Blackout

Britney Spears

Jive, 2007

REVIEW BY: Michael R. Smith

ORIGINALLY PUBLISHED: 12/20/2009

Released during her bipolar multimedia meltdown, Blackout is the only Britney Spears album not to go straight to #1. That’s not to say it doesn’t have its fair share of #1 dance singles. “Gimme More” and “Break The Ice” bear that distinction, as well as the song that directly addresses Britney’s ongoing battle with the paparazzi, “Piece Of Me.” It’s also the first Britney album that breaks from the pop tradition, fully embracing the beat-heavy electronic sound that is tailor-made for the clubs all over the world.

Britney’s personal favorite cut, “Radar,” appears for the first time on Blackout, though it didn’t become a hit single until it appeared again on the 2008 follow-up, Circus. Virtually the entire first half of Blackout is groundbreaking stuff for the now-infamous singer, especially the incredible track “Heaven On Earth.” The interesting thing about that song, as well as the fun “Ooh Ooh Baby,” is that it was produced by new American Idol judge Kara DioGuardi. Things do get a little rough in the album’s second half, however, especially on the slower tunes at the end. nbtc__dv_250

Furthermore, Corte “The Author” Ellis ruins “Get Naked” with an inanely obnoxious backing vocal, while bonus track “Outta This World” adds completely nothing with its inclusion. And though Britney tries to be self-deprecating with a wink and smile on “Freakshow,” the execution leaves something to be desired. In short, like its author, it’s a repetitive mess.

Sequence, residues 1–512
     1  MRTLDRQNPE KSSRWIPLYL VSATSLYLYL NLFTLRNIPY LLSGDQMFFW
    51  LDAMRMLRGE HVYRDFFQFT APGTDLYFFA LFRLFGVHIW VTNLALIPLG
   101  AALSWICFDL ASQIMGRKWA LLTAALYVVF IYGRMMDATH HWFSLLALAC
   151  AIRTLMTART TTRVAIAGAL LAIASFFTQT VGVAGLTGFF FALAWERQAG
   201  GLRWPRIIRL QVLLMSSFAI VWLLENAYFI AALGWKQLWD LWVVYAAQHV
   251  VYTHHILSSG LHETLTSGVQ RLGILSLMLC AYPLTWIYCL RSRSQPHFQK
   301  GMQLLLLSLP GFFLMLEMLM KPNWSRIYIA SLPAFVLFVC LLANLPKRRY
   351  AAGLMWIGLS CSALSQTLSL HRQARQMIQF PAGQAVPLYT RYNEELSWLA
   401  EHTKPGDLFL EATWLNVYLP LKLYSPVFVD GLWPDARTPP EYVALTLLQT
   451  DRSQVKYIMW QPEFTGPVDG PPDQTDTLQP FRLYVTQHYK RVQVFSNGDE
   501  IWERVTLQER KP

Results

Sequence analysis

Britney wisely limits the bulk of the production duties to two in-demand production teams, Bloodshy & Avant and Danjahandz. There’s an erratic hip-hop number produced by Bloodshy & Avant called “Toy Soldier” that picks up where Gwen Stefani’s “Hollaback Girl” left off, but aside from the catchy percussion, Britney’s vocal performance is unnecessarily whiny. Why producers insist that she continue to sing through her nose is something I’ll never understand.

Though the material on Blackout is largely one-note, it is a note that we haven’t heard from Britney Spears before. The experiment proved successful from an artistic point of view, so much so that they decided to duplicate (and actually perfect) the formula for Circus. Maybe there’s a daring creative individual beyond the Barbie doll persona after all. It should be interesting what Spears & Company come up with in the next decade.

Better lyrics that aren’t so repetitive are desperately needed for Ms. Spears to grow further as an artist. Over the last ten years, her voice has deepened, which should prove to be an essential ingredient in making the ballads more effective. So far, though, it’s been the dance songs that we have come to expect from her and it’s probably doubtful her fans will be open and patient enough to sit and chill to one of her slow songs. That being said, Britney’s youth is certainly an asset, so she should be able to churn out records as good as Blackout for many years to come.

Rating: B

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© 2009 Michael R. Smith and The Daily Vault. All rights reserved. Review or any portion may not be reproduced without written permission. Cover art is the intellectual property of Jive, and is used for informational purposes only.